Michael ("Mick") Boll (James Spader) is an executive who seems to have it made. He's already in a high-ranking / paying position at work and poised to go even higher as a senior analyst... and he's not even 30 yet. He has a hot sports car and a luxurious, spacious apartment. And he's set to be married to the classy and wealthy Ruth Fielding (Marcia Cross); who comes from good stock being a millionaire doctor's daughter and all. The one thing he sorely lacks is a backbone.

Yes, Mick is somewhat of a push-over. He lets co-worker Patterson (Tony Maggio), who's competing for the same promotion, sabotage him by hiding a 60 million account he's been working on and doesn't put up much of a fight. He lets Ruth call the shots about setting the wedding date and even determining when they'll have children. In other words, he's letting her map out his future. Michael has become complacent in the cold, cutthroat corporate world in which he lives and his unhappiness is starting to wear him down physically, as well. Something important is missing. Something like excitement and unpredictability. But, as they say, be careful what you wish for.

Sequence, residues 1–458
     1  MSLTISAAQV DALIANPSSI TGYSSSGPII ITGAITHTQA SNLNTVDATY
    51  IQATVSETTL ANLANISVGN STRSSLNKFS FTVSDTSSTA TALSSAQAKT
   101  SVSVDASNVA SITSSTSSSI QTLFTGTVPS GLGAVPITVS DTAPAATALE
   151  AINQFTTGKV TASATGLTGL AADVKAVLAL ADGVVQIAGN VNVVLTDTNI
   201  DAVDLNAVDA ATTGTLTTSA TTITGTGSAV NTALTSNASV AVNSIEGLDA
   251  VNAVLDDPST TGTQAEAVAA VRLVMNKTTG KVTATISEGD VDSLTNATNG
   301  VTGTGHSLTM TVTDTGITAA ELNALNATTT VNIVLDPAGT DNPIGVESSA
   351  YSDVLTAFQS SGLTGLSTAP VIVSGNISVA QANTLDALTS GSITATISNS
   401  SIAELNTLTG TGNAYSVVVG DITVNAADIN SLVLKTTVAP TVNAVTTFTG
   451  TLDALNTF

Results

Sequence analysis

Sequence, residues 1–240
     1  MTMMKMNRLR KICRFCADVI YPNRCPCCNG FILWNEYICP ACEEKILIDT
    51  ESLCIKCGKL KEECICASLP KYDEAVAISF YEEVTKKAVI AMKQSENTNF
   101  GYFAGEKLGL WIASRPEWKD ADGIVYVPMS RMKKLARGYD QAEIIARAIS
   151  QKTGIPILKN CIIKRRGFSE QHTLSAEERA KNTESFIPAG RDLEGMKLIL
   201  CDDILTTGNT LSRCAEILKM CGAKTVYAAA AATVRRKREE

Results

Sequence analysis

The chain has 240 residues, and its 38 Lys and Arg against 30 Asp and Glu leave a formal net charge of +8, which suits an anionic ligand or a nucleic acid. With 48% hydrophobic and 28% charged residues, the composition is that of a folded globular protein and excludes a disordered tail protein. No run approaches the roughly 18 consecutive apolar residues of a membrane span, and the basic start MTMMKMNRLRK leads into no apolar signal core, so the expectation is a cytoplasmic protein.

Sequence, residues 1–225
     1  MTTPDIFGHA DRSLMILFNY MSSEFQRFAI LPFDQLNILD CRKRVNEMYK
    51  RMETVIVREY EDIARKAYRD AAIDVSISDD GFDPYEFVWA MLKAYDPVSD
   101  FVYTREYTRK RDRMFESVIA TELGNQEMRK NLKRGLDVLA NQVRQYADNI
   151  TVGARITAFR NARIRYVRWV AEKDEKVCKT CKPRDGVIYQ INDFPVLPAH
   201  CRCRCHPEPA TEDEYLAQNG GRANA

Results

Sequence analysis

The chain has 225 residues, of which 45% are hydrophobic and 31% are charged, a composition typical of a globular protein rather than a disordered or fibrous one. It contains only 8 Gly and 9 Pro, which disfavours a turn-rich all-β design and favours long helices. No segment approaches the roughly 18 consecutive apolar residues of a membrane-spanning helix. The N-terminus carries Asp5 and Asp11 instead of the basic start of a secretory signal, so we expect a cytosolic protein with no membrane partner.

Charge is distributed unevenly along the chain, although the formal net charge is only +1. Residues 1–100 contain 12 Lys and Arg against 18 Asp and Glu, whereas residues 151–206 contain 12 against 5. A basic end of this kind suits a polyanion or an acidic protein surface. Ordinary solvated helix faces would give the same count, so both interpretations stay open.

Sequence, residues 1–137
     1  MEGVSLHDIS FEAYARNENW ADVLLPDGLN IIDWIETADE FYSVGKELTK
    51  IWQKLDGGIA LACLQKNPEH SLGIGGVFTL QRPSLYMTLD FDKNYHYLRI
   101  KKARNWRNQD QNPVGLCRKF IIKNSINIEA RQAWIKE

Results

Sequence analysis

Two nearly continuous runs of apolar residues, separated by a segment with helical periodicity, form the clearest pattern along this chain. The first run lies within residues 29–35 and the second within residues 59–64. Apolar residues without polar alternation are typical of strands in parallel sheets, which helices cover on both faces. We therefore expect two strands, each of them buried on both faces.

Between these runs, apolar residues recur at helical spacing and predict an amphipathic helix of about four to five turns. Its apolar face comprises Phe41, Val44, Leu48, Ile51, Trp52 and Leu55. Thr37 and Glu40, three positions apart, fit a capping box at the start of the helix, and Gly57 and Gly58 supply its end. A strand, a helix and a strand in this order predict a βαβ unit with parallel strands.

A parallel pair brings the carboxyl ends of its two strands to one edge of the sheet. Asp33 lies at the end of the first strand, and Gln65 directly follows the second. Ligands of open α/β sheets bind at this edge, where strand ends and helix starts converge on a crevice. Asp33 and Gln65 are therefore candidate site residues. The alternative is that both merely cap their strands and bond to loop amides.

To escape his boredom, Mick starts going to seedy bars after work to drown his sorrows. At one of those, a man gets violent with him, but a knight in shining armor appears with a broken bottle to save the day. That guy turns out to be Alex (Lowe), who's suave, well put together, a hit with the ladies and seems to know all the right people in all the right places if one's interested in experiencing the exciting underbelly of the city. Despite the fact he likely also swiped his wallet when he "saved" him, Mick starts hanging out with him, anyway. Alex is a man of mystery. He doesn't appear to have a job, nor his own place, nor his own car, nor any other friends or relationships. People sometimes call him "Tony." People sometimes call him "Maxwell." And no one seems to know the first thing about him, his history, where he comes from or anything else. And neither will you by the time this film ends.